Former NASA astronaut Leland Melvin to deliver annual Resnik lecture on Nov. 17

Former NASA astronaut Leland Melvin to deliver annual Resnik lecture on Nov. 17

By Bryan Hay

Former NASA astronaut and NFL draftee Leland Melvin, who knows all about career-ending setbacks and the restorative power of second chances, will deliver this year’s Resnik Lecture, which will be held virtually Nov. 17, 7:30-8:30 p.m.

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Melvin, who helped build the International Space Station during Space Shuttle Atlantis missions in 2008 and 2009, logging more than 565 hours in space, retired in 2014 after 25 years with NASA.

Despite a rewarding, adventurous career—he has four honorary doctorates for his service in education, the sciences, and philanthropy—he had his share of misfortunes, and the will and good fortune to overcome them.

Earning a football scholarship to University of Richmond, where he studied chemistry, he set his sights on a professional football career. But after repeated injuries, including a pulled hamstring during training camp with the Detroit Lions, Melvin changed course, attended University of Virginia, and earned a master’s degree in materials science engineering.

In 1998, he applied to the NASA astronaut program and began training at the Johnson Space Center. A mishap during a training exercise left him deaf in both ears, but emergency surgery restored hearing to his right ear.

NASA’s chief flight surgeon at the time granted Melvin a waiver to fly to space after noticing how the determined trainee cleared his ears to avoid cabin pressure on shuttle flights. He later led NASA Education, which provides programs to engage Americans in NASA’s mission and inspire interest in science, technology, engineering, and mathematics, and co-chaired the White House’s Federal Coordination in STEAM Education Task Force, developing the nation’s 5-year STEM Education Strategic Plan.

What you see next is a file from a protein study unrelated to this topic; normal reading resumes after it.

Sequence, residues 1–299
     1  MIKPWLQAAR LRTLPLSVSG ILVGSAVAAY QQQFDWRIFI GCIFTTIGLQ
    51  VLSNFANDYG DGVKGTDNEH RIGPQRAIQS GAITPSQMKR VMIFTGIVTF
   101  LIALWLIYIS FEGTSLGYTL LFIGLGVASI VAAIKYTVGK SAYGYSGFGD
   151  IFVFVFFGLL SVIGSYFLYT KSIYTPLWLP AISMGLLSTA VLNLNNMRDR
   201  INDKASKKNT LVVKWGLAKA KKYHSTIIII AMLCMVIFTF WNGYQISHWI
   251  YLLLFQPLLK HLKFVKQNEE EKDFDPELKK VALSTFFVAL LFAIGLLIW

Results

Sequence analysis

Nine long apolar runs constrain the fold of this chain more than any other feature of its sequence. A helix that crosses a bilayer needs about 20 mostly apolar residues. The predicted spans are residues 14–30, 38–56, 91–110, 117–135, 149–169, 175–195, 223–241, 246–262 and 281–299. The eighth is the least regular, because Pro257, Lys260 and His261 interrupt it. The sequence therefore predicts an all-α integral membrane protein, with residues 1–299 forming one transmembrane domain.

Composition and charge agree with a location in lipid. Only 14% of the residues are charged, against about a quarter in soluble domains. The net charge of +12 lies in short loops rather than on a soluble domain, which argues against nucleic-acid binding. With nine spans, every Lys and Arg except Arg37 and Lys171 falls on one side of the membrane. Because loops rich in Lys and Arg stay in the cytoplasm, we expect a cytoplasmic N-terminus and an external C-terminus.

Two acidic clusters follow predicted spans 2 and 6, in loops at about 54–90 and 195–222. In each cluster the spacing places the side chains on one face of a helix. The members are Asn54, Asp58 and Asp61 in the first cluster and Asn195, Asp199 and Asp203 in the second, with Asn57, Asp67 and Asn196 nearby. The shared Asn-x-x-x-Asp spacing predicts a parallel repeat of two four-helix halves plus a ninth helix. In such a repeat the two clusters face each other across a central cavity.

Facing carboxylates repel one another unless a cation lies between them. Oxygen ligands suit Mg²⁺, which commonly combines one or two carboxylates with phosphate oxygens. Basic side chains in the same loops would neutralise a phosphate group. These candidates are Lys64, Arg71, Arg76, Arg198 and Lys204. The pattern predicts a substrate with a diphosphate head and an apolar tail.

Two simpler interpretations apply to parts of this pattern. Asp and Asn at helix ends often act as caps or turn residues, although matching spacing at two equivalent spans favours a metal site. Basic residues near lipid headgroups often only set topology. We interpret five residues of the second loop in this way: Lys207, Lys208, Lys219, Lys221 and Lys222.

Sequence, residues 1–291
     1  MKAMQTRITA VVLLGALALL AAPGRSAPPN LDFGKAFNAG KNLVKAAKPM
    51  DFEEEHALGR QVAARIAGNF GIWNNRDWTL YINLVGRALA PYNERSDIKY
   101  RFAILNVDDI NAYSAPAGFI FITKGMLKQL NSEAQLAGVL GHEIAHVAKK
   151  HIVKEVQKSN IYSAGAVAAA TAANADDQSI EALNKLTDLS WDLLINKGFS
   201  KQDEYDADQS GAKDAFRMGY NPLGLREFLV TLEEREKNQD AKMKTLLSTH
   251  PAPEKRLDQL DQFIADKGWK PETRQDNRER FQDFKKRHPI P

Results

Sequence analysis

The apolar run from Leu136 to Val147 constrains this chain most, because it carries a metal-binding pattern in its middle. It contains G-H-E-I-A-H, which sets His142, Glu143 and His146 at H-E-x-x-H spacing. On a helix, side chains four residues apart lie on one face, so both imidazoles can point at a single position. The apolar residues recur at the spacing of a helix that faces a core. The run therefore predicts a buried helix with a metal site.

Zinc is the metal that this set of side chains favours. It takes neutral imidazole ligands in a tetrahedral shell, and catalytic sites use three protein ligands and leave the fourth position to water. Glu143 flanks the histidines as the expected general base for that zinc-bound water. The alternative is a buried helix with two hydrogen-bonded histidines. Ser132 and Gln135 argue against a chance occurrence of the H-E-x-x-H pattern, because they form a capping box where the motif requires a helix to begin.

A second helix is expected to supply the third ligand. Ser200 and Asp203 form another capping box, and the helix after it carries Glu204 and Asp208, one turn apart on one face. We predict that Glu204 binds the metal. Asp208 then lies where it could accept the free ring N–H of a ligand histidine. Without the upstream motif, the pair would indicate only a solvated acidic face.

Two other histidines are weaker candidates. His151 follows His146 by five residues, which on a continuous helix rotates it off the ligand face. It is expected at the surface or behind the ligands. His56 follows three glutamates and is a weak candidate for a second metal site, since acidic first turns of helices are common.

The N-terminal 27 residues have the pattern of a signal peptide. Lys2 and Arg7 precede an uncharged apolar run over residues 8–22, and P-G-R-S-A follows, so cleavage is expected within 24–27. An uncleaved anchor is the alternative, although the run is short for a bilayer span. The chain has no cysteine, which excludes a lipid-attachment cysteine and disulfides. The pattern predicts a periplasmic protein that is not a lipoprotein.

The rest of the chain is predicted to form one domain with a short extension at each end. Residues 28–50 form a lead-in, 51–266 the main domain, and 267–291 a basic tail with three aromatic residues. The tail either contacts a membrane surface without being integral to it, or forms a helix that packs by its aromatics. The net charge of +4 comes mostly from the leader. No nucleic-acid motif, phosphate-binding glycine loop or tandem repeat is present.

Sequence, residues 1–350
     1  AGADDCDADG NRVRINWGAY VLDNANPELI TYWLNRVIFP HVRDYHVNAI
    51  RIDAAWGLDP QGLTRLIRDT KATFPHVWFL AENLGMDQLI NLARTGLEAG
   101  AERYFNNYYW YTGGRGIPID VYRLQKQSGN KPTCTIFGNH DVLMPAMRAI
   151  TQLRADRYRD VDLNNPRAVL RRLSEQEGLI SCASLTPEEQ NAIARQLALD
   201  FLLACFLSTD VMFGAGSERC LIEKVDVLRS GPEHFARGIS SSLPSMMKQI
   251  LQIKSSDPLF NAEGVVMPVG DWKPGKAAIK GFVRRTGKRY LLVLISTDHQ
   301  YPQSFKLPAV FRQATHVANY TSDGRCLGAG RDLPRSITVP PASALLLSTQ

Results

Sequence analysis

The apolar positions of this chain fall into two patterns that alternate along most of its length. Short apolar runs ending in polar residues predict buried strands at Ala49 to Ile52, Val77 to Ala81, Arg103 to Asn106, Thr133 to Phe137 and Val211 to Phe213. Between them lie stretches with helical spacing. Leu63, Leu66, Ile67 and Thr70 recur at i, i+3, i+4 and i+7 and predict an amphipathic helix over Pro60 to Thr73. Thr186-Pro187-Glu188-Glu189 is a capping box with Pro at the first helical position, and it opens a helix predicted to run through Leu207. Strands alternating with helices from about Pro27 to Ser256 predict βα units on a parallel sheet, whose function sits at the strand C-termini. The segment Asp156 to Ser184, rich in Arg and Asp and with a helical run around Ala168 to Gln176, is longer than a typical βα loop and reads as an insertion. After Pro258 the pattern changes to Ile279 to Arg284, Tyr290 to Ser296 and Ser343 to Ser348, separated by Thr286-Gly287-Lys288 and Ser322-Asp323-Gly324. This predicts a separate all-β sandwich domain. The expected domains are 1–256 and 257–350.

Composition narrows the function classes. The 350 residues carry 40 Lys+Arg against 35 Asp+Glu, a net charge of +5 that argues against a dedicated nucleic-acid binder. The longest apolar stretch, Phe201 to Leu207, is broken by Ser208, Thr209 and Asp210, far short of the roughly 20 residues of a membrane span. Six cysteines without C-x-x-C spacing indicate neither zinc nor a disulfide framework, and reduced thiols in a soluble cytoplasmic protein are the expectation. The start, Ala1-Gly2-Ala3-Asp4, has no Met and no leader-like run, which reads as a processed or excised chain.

Melvin is eager to bring his message of “An Astronaut’s Story of Curiosity, Perspective, and Change” to Lafayette and recently provided a preview of his presentation and offered his views on inclusive STEM, STEAM, and other issues.

Without revealing too much, what will be your key message when you speak here Nov. 17?

Throughout our lives, we always have to depend on getting second chances when we make mistakes or when things happen. We always have to be very resilient, gritty, and scrappy, and just go forward. So, my life is a testament to those kinds of ordeals and to handle them with grace, in a way that’s kind and empathetic and not hurting other people. I followed that philosophy to navigate through the NFL and in space while overcoming hearing loss to keep moving forward.

How did athletics and academics work together to advance your career as a scientist and an astronaut? 

Athletics is all about working together as a team. And anything that we do, whether you’re going to space or working in a corporation, involves primarily teamwork if you’re going to solve big problems and do things successfully. Being an athlete gives you the perfect framework for working on any team. 

When you think about working with someone, or people from all around the planet who don’t necessarily speak the same language you do, we have to sometimes resort to different ways of communicating to solve problems. 

You may have all kinds of differences that you’re not used to, but you put those differences aside to get the win and to solve the problem.